8 2. Add between 5-10 ml of isopropyl alcohol to your small cylinder and record the volume in the data section. Be sure to measure from the base of the meniscus and use the correct number of significant figures by reading to the hundredth of a milliliter. 3. Being careful not to spill the isopropyl alcohol, measure the mass of the cylinder with alcohol on the same balance that you used before. Remember to follow the instructions below for the top loading balance: a. Place a piece of weighing paper on the balance pan b. Press zero/tare and wait for the balance to read 0.00 g c. Place your cylinder with isopropyl alcohol on the paper and wait for the digital readout to stabilize d. Record the mass of the cylinder with isopropyl alcohol in the data section e. Remove the cylinder with isopropyl alcohol from the pan and return to your lab bench 4. Calculate the mass of the isopropyl alcohol alone, and record this in the data section. 5. Calculate the density of the isopropyl alcohol in the calculations section, and record this in the data section. 6. Pour the isopropyl alcohol into the labeled waste container. Part B: Density of sulfur 1. Add 2-3 sulfur chunks to your 50 ml beaker. 2. Measure the mass of the sulfur chunks following the instructions below for the top loading balance: a. Place a piece of weighing paper on the balance pan b. Press zero/tare and wait for the balance to read 0.00 g c. Place the sulfur chunks onto the paper and wait for the digital readout to stabilize d. Record the mass of the sulfur chunks in the data section e. Place the sulfur chunks back into your beaker, throw away the weighing paper, and return to your lab bench 3. Add about ml of water to your large graduated cylinder and record the volume in the data section. Be sure to read from the base of the meniscus and use the correct number of significant figures by reading to the tenth of a milliliter. 4. Tilt the cylinder and carefully drop the sulfur chunks into the water. Be careful not to let the water splash out of the cylinder. If water splashes out of the cylinder you will need to start part B over! 5. Read the volume of the water plus the sulfur and record this in the data section. 6. Calculate the volume of the sulfur alone, and record this in the data section. 7. Calculate the density of the sulfur chunks in the calculations section, and record this in the data section. 8. Use the CRC andbook of Chemistry and Physics to look up the density of sulfur. Record this theoretical value in the data section. 9. Determine the percent error by using the equation in the calculations section. 10. Pour the water into the drain, and catch the sulfur chunks with your hands or a funnel. Place the wet sulfur chunks into the container labeled Wet Sulfur. Part C: Density of wooden block 1. Obtain a wooden block and record the block letter in the data section (W, O, P or M). 2. Measure the mass of the block following the directions below for the top loading balance: a. Place a piece of weighing paper on the balance pan b. Press zero/tare and wait for the balance to read 0.00 g c. Place the wood block onto the paper and wait for the digital readout to stabilize d. Record the mass of the block in the data section e. Remove the block from the balance and return to your lab bench 3. Using your ruler, measure the length, width and height of the wood block in cm, and record each measurement in the data section. Be certain to use the correct number of significant figures by reading to the tenth of a millimeter (the hundredth of a centimeter). Written by A. Norick 6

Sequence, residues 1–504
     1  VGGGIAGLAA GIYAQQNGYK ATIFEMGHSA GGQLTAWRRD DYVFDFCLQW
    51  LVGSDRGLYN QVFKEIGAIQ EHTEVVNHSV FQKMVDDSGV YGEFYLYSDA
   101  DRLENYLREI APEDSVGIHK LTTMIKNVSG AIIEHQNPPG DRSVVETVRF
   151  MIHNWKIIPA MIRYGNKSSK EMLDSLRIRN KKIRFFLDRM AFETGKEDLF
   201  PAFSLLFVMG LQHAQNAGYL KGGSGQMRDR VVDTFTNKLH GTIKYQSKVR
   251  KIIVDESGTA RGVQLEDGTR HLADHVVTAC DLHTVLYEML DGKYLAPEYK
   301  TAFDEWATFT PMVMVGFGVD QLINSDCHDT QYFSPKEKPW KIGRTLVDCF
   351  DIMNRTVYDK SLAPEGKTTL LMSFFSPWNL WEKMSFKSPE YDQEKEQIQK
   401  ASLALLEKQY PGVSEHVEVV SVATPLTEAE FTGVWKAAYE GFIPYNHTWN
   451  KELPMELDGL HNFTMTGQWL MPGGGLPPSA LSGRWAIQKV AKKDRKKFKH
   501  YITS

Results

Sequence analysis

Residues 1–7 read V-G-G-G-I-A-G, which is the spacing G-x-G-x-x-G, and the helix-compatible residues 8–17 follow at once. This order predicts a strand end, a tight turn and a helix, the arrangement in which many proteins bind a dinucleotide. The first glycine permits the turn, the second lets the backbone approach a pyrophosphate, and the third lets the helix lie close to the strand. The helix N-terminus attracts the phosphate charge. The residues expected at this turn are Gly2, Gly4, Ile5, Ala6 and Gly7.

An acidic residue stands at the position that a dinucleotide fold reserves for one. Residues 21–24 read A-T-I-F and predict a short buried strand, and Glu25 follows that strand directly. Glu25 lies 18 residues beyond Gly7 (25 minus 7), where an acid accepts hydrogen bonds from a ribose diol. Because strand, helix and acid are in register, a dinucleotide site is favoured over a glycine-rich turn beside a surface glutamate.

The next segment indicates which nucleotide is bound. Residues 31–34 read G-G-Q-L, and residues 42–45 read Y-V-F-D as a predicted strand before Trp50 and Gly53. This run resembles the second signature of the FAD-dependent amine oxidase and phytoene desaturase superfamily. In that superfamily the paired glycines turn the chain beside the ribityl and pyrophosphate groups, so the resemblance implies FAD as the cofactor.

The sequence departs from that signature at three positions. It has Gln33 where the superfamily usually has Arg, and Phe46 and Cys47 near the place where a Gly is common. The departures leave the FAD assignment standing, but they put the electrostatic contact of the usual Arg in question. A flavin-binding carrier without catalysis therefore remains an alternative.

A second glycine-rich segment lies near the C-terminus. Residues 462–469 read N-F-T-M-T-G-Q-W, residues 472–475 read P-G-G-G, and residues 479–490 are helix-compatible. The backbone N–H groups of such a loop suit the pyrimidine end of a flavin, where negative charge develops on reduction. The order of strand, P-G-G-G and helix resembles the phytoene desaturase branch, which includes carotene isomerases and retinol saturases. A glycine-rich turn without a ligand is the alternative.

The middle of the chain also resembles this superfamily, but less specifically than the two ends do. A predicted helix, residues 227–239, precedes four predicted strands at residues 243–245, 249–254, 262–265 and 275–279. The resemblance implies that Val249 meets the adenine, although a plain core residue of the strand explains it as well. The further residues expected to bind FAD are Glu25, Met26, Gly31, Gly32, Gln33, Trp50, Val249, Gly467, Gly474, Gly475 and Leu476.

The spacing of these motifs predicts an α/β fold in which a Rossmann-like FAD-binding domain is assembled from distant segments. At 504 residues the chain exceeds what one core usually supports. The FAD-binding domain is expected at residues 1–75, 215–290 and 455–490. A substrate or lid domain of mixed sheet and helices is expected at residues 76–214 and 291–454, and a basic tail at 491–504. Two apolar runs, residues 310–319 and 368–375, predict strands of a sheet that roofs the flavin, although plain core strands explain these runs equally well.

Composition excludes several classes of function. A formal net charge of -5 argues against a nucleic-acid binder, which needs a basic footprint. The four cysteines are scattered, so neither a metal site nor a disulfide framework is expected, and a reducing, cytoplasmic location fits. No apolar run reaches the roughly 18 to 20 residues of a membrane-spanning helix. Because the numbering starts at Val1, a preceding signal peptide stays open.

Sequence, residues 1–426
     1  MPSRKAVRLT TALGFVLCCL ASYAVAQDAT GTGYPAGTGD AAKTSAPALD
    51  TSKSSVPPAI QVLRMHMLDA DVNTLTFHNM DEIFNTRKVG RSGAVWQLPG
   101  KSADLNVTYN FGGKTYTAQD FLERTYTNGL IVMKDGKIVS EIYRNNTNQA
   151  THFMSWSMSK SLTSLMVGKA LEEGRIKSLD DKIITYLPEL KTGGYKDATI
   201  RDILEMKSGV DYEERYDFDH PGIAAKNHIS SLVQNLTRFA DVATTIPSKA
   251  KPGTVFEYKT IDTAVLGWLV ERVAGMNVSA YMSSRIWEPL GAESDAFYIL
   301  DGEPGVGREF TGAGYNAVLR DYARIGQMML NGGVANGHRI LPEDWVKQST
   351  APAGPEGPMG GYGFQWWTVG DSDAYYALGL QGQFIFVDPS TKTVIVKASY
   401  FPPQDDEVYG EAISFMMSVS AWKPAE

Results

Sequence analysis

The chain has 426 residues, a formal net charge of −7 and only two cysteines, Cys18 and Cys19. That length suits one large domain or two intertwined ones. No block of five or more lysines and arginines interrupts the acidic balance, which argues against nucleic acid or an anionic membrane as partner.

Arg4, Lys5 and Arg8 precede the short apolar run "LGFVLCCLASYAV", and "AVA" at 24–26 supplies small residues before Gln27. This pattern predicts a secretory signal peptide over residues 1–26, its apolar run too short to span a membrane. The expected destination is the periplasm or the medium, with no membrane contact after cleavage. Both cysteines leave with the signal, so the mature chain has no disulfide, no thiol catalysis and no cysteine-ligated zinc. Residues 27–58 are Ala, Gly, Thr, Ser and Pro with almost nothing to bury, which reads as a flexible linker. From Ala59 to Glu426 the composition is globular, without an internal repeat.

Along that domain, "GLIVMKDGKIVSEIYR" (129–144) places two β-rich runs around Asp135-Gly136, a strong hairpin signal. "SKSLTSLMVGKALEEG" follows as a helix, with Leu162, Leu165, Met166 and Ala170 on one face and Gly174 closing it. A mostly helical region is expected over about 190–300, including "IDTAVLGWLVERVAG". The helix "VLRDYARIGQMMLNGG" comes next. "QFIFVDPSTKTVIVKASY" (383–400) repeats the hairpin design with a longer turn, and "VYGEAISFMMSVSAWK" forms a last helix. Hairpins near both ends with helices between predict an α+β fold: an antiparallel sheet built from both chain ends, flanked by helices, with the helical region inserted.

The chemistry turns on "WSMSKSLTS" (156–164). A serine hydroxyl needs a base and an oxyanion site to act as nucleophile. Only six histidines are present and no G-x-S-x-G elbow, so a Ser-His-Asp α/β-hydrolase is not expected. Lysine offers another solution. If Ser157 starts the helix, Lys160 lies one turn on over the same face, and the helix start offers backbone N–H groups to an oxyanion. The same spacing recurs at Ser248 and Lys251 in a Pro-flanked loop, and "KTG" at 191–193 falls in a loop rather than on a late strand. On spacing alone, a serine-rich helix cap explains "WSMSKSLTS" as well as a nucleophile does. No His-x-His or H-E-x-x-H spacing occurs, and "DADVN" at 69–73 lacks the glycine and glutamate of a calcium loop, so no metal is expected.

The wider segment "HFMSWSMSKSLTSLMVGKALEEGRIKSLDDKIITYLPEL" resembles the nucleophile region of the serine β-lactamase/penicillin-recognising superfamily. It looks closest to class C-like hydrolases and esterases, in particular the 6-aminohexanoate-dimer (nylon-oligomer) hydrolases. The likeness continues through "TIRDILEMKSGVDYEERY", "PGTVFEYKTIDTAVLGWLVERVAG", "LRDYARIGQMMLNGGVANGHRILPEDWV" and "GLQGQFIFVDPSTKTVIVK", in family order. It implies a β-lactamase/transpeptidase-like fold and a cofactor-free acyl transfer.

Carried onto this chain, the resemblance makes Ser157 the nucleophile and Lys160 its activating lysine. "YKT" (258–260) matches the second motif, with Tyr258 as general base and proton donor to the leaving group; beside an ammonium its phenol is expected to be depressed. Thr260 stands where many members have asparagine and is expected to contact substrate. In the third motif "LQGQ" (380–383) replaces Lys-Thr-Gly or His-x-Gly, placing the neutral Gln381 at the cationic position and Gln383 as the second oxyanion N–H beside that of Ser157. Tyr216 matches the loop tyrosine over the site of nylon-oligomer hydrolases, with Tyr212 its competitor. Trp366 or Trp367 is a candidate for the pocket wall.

9 4. Calculate the density of the wood block in the calculations section, and record this in the data section. Your instructor will confirm whether your experimental density is reasonable. 5. Return the wooden block to the bin. Written by A. Norick 7